Seattle Responds To Neighborhood Concerns Over Developments With No Parking | KUOW News and Information

Seattle Responds To Neighborhood Concerns Over Developments With No Parking

Apr 14, 2015

About 12 percent of the apartments built in Seattle since 2012 have been built without parking. They’re being built in neighborhoods like Ballard, Capitol Hill and the University District, where there’s heavy competition for parking and where special zoning allows them.


There’s this ritual on Capitol Hill. It’s called: "The dinner party starts in 5 minutes, but it’s going to take me 30 minutes to find a parking space."

Vicki Lopez lives here. She has to talk people into visiting her.

Lopez: “People don’t like coming to Capitol Hill because they have to drive around 20 minutes, a half hour to find adequate parking space.”

We’re near a project that’s going to be built soon at 15th Avenue and East Howell Street. The sign says there will be 57 apartment units – and no parking. 

Apartments like this are built for people like Martin Bosley. He doesn’t need a car – he walks to work, or takes the bus if he’s feeling lazy.

Bosley: “But that’s not everybody. And when my friends come over here from wherever and they need to park – it’s like 'Where’s Waldo?'. You have to look and look just to find a little piece of street parking.”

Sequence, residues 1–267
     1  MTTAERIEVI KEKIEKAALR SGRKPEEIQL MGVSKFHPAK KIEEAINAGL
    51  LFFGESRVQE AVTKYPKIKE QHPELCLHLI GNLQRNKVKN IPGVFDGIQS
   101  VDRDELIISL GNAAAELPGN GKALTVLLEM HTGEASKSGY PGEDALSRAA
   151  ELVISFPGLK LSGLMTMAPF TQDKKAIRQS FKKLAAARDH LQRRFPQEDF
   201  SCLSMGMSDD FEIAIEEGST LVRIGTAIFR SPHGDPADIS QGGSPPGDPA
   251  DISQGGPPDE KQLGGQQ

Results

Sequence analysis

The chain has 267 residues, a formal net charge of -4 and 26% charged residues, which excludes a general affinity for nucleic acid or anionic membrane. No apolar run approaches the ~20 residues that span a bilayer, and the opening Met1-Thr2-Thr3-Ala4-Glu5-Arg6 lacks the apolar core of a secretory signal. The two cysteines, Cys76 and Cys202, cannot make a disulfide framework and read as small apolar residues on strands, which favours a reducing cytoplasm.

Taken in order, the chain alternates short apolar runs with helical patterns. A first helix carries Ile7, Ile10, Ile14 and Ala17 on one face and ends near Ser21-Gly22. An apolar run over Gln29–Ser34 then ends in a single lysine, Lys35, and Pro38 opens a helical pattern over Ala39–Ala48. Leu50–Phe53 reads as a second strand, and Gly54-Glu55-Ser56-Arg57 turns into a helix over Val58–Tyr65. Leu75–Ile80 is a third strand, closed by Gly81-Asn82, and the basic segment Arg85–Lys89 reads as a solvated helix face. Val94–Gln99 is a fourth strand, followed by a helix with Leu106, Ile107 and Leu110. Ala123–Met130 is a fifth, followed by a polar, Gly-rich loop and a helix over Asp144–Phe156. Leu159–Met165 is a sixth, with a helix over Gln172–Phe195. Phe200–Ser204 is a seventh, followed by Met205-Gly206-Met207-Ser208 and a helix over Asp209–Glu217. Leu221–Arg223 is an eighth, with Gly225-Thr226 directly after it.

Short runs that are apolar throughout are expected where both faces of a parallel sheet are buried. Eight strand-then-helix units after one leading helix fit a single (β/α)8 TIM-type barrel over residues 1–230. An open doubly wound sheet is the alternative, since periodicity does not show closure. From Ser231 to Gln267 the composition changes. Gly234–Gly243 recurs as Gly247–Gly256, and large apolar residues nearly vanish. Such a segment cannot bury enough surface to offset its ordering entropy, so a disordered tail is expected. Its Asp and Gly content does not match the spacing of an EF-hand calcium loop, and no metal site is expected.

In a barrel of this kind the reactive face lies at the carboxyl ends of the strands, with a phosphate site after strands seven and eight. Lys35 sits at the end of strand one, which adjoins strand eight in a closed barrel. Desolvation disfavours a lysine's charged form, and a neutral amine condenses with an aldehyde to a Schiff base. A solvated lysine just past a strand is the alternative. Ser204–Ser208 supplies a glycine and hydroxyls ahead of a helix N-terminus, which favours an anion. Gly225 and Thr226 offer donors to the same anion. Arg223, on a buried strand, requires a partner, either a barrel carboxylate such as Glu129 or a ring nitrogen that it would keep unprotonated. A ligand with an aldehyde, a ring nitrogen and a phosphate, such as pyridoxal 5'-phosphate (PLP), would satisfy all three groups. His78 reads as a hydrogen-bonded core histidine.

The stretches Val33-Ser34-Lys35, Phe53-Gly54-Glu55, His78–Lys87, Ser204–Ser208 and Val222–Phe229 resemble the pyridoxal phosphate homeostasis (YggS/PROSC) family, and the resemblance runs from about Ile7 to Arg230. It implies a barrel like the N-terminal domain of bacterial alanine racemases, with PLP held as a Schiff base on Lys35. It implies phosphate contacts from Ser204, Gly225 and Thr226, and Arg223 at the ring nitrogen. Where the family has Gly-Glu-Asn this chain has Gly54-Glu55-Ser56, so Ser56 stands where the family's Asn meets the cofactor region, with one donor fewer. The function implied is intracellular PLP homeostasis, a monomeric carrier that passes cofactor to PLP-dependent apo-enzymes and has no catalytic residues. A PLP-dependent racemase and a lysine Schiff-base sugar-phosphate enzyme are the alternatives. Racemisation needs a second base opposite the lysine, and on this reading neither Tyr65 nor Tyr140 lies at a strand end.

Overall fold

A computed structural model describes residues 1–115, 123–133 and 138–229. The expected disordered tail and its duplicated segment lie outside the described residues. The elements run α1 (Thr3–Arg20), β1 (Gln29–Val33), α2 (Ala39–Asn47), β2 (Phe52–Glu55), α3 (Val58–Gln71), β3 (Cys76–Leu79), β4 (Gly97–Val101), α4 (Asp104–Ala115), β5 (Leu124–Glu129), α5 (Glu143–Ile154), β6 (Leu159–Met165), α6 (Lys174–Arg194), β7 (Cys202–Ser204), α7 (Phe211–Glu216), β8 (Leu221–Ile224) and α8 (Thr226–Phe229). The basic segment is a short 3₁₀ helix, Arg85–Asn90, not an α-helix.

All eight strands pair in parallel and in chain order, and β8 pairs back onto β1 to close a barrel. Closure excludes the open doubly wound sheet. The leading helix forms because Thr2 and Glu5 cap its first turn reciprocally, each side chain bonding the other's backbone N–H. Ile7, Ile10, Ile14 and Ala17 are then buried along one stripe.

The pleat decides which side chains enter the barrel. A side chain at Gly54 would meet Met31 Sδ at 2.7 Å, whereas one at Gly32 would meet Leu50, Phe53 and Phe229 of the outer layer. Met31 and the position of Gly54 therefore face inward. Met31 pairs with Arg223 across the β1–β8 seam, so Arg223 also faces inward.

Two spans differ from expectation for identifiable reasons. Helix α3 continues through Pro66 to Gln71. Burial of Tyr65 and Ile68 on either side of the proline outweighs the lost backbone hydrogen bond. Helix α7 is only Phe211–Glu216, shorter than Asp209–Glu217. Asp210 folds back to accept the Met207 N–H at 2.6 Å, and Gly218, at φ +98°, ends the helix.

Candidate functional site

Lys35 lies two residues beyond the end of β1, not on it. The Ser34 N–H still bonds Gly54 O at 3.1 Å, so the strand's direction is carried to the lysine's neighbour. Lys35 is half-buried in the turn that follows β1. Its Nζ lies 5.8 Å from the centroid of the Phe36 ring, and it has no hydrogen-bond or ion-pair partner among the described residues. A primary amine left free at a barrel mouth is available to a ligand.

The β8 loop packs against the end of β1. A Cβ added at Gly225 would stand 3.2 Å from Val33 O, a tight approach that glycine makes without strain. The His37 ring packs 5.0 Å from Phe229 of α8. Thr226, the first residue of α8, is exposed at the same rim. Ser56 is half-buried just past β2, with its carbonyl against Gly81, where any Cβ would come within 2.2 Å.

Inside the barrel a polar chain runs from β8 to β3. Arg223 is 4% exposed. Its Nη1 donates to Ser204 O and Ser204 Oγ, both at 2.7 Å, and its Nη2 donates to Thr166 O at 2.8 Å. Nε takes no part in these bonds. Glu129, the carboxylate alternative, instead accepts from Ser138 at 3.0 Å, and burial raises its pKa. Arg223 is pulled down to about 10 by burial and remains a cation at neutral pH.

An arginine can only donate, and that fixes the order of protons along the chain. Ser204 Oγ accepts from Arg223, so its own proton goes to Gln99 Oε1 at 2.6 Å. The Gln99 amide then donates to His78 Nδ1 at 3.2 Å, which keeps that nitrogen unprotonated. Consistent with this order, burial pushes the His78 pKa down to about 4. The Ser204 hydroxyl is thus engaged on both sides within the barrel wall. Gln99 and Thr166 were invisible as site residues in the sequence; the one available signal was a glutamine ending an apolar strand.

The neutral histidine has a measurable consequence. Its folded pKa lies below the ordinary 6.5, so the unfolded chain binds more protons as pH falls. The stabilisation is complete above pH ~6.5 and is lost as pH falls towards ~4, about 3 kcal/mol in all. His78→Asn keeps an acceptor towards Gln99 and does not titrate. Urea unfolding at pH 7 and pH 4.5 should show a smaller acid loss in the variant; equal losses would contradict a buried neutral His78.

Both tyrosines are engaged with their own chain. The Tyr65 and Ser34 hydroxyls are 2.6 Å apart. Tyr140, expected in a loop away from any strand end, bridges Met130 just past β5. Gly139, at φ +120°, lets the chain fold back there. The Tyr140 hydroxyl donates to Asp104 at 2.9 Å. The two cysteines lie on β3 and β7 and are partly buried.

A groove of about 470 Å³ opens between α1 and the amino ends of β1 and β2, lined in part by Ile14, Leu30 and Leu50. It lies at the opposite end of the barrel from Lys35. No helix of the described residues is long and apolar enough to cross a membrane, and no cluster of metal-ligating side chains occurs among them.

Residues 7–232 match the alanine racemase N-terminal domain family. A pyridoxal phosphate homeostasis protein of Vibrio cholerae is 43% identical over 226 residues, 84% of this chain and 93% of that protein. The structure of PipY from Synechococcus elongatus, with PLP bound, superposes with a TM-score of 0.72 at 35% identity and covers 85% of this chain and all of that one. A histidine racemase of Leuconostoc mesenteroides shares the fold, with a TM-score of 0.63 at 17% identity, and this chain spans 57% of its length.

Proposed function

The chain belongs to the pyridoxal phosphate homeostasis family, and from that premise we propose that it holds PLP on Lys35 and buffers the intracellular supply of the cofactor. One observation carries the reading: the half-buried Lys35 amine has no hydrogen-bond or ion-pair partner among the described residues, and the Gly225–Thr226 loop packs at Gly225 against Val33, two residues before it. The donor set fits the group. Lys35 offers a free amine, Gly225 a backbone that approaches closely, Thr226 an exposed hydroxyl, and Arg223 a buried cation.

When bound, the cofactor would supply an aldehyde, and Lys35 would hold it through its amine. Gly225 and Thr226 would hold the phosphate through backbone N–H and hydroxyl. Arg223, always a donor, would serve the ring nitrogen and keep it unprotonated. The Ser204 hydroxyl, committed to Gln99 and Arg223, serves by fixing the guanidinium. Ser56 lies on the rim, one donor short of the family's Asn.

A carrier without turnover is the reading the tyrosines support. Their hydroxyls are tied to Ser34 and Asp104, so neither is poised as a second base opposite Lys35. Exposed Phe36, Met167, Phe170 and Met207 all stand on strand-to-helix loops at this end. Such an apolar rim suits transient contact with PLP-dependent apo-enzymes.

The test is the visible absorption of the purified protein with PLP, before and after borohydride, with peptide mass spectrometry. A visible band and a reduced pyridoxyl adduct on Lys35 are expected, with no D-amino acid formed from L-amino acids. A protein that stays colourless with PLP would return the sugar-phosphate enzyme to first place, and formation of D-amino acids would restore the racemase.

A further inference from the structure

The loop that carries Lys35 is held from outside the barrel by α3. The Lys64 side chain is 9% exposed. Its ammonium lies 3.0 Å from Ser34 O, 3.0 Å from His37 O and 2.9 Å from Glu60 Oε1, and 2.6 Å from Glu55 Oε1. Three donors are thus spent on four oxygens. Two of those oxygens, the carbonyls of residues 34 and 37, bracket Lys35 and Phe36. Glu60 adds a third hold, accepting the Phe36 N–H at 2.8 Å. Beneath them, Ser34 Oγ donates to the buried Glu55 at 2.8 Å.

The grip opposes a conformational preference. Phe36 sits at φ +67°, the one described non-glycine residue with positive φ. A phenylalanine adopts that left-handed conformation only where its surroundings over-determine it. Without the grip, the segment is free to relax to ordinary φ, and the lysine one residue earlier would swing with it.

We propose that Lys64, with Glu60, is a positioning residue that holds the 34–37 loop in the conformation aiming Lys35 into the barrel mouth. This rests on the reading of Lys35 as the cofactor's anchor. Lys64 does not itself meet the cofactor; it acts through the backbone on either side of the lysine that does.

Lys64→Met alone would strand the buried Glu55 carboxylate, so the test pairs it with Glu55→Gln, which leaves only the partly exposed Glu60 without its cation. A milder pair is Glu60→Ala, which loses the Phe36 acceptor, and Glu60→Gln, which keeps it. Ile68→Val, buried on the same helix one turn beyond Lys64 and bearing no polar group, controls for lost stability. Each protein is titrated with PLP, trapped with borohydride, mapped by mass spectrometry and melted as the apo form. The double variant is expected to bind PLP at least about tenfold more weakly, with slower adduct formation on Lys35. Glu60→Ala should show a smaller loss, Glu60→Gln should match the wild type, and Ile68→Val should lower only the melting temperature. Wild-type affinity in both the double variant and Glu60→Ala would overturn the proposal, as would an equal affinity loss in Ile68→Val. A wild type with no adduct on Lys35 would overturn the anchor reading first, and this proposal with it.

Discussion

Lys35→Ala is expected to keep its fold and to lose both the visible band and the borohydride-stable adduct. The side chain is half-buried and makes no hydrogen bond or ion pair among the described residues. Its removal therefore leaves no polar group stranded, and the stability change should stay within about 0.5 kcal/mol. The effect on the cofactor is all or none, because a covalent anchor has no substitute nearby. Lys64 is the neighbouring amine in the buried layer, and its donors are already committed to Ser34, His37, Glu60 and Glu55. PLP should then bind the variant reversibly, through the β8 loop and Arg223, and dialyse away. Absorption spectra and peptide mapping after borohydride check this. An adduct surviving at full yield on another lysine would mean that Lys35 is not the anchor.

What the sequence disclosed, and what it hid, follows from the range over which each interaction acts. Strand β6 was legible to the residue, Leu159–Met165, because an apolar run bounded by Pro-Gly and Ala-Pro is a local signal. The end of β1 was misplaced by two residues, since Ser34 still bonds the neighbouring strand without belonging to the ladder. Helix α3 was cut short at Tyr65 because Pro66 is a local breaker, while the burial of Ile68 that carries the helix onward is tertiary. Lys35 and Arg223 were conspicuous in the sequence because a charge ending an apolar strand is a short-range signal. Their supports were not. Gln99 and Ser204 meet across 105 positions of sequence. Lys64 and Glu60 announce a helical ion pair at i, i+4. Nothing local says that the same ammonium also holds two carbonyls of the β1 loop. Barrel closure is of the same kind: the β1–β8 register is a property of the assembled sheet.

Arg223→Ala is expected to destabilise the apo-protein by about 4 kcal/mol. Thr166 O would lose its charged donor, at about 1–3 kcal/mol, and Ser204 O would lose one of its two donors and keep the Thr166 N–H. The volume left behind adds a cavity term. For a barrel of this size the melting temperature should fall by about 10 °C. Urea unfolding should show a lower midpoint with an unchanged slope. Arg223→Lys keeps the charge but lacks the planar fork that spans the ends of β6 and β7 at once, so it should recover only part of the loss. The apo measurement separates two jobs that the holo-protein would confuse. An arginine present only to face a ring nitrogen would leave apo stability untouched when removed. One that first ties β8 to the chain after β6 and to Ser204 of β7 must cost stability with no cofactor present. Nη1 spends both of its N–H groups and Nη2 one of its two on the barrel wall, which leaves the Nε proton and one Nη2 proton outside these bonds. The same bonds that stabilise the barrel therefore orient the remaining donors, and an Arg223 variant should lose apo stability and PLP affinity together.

We don’t know if it’s the residents of these buildings or their friends who are bringing cars to the neighborhood. But complaints from neighbors who find themselves having to compete for parking have Seattle City Councilmember Tom Rasmussen concerned.

Rasmussen says eliminating parking from Seattle’s densest neighborhoods saves a lot of money, and helps keep rents from rising even more. Parking stalls cost $30 – 40,000  each to build. But Rasmussen says we have to be careful.

Out with the old, in with the new: These modest two story apartment buildings will be replaced with a larger building containing 57 new apartments. It's part of a larger trend funneling denser dwellings into urban villages relatively well-served by transit.
Credit KUOW Photo/Joshua McNichols

Rasmussen: “As we reduce the requirement for parking in buildings, we don’t want to impact the surrounding neighborhoods. But the surrounding neighborhoods are saying the impact is happening.”

This week, the mayor responded to Rasmussen’s concerns by suggesting we tap into an underutilized resource. 

Back in the 1980s and 90s, every new building came with at least one parking unit per apartment. Now, people are driving less. And about a third of those old parking spaces in Seattle’s densest neighborhoods go unused.

The mayor wants to open those unused stalls up to the public. That way, when people drive into the neighborhood for dinner they’ll have a place to park. They’ll just have to pay for it.